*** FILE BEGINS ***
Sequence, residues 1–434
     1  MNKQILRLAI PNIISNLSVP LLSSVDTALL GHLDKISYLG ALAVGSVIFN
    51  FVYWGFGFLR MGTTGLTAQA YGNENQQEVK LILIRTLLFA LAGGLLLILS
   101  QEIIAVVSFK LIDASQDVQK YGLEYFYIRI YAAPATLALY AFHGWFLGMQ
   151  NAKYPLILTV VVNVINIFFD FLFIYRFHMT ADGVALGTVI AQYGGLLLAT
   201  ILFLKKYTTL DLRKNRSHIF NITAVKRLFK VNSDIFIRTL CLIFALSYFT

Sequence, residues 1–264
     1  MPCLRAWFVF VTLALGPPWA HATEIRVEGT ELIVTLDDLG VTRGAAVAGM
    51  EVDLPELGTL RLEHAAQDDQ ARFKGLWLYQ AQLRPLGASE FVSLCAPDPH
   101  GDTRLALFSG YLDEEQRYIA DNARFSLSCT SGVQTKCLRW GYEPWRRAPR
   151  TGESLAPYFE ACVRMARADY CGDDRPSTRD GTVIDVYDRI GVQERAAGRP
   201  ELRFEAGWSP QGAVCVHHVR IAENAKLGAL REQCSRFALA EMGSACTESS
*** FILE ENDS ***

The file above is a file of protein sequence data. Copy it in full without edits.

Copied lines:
Sequence, residues 1–434
     1  MNKQILRLAI PNIISNLSVP LLSSVDTALL GHLDKISYLG ALAVGSVIFN
    51  FVYWGFGFLR MGTTGLTAQA YGNENQQEVK LILIRTLLFA LAGGLLLILS
   101  QEIIAVVSFK LIDASQDVQK YGLEYFYIRI YAAPATLALY AFHGWFLGMQ
   151  NAKYPLILTV VVNVINIFFD FLFIYRFHMT ADGVALGTVI AQYGGLLLAT
   201  ILFLKKYTTL DLRKNRSHIF NITAVKRLFK VNSDIFIRTL CLIFALSYFT

Sequence, residues 1–264
     1  MPCLRAWFVF VTLALGPPWA HATEIRVEGT ELIVTLDDLG VTRGAAVAGM
    51  EVDLPELGTL RLEHAAQDDQ ARFKGLWLYQ AQLRPLGASE FVSLCAPDPH
   101  GDTRLALFSG YLDEEQRYIA DNARFSLSCT SGVQTKCLRW GYEPWRRAPR
   151  TGESLAPYFE ACVRMARADY CGDDRPSTRD GTVIDVYDRI GVQERAAGRP
   201  ELRFEAGWSP QGAVCVHHVR IAENAKLGAL REQCSRFALA EMGSACTESS